Disappointing candidates who had wanted to lend a voice for women, voters chose none of the 26 women who stood for election in Qatar's first legislative elections on Saturday, reports Reuters.
The vote was for 30 members of the 45-seat advisory Shura Council, with the Emir continuing to appoint the remaining 15 members of the body which can approve a limited scope of policies for the small but wealthy Gulf country. Political parties are banned in Qatar.
While Qatar has introduced reforms for women's rights in recent years, including allowing women to independently get a driving license, it has been criticised by rights groups for issues like the guardianship system, where a woman needs male permission to marry, travel and access reproductive healthcare.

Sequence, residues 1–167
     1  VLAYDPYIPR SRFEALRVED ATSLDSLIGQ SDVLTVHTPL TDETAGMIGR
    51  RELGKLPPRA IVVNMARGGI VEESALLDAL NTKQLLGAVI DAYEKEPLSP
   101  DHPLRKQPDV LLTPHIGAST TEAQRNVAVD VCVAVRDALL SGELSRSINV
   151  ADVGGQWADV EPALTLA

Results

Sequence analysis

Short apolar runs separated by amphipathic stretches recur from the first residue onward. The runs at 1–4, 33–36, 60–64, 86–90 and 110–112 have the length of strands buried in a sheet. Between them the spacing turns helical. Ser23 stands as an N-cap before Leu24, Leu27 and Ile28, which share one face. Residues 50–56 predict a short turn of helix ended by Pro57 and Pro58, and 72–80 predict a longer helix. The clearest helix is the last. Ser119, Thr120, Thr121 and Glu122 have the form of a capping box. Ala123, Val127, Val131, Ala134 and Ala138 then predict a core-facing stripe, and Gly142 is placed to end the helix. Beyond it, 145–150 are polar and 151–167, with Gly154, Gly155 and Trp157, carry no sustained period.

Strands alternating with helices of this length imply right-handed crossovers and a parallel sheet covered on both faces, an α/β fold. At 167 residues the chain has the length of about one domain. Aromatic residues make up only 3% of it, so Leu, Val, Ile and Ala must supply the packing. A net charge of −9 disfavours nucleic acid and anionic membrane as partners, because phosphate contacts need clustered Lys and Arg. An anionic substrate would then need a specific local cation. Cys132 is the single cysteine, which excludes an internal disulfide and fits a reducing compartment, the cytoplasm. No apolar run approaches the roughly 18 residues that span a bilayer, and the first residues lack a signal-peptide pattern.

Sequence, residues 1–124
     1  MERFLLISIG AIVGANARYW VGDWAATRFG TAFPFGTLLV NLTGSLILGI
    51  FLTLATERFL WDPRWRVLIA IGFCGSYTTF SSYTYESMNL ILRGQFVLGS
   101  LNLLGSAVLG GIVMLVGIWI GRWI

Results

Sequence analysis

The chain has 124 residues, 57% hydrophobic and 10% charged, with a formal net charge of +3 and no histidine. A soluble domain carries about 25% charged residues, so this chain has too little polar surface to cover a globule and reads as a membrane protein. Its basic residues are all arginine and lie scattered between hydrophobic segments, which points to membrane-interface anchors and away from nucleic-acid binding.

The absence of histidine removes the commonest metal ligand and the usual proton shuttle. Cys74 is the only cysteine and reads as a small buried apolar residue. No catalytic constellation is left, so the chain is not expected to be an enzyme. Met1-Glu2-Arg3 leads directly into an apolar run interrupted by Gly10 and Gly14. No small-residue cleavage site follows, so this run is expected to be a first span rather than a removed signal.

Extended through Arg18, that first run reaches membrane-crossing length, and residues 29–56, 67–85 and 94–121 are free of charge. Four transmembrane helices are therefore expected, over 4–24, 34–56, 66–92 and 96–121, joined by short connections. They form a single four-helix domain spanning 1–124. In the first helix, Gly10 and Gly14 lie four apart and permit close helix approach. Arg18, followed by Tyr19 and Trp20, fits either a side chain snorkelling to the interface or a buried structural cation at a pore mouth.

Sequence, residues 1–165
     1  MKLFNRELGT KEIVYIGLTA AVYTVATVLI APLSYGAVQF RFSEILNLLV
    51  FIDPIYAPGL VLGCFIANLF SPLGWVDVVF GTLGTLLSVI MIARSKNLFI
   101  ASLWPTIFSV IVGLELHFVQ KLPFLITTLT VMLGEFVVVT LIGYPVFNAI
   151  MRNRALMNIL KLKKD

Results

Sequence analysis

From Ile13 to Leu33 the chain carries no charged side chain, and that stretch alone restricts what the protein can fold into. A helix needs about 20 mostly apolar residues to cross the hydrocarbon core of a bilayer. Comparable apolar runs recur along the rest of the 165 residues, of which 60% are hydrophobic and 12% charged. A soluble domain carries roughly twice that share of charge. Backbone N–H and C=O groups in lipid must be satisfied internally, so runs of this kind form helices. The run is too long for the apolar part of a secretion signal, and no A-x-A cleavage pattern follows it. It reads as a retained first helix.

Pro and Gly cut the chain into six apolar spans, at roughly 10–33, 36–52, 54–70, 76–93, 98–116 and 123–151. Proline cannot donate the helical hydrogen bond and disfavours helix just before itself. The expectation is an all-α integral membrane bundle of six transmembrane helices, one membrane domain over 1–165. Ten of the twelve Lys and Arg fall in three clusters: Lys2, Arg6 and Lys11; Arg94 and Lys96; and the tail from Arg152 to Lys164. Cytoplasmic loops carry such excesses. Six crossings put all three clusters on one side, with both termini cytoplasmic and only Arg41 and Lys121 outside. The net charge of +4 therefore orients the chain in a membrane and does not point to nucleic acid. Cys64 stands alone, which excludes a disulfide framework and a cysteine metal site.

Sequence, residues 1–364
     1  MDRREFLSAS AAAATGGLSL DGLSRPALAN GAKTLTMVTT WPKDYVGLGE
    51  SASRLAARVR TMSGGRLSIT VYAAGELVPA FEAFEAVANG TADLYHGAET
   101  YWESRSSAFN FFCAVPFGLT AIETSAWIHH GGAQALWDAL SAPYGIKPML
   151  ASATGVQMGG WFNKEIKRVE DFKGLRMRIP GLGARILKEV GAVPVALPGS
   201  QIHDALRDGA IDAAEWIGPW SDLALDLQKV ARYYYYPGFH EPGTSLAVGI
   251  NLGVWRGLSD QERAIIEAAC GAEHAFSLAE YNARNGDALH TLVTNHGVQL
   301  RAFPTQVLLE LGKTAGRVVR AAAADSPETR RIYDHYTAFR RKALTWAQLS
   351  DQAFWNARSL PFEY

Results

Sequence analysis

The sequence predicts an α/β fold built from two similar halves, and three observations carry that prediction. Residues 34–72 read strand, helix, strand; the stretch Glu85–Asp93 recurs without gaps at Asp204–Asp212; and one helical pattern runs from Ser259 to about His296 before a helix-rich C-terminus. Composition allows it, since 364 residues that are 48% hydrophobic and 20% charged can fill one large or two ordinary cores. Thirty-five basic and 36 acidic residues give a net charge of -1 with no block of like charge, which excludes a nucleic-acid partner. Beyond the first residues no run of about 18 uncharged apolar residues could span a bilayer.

Naima Abdulwahab al-Mutawa'a, a candidate and foreign ministry worker whose elderly mother came to vote for her, had wanted to press for a body advocating for women and children.
Several female candidates had been seeking to improve the integration of women into Qatari society of children of female citizens married to foreigners who, like in other Gulf states, cannot pass their Qatari nationality to their children.
While Jasim stopped short of advocating for granting passports, fellow candidate Leena al-Dafa called for full citizenship for children in such cases.
Qatar currently has only one female minister: Public Health Minister Hanan Mohamed Al Kuwari.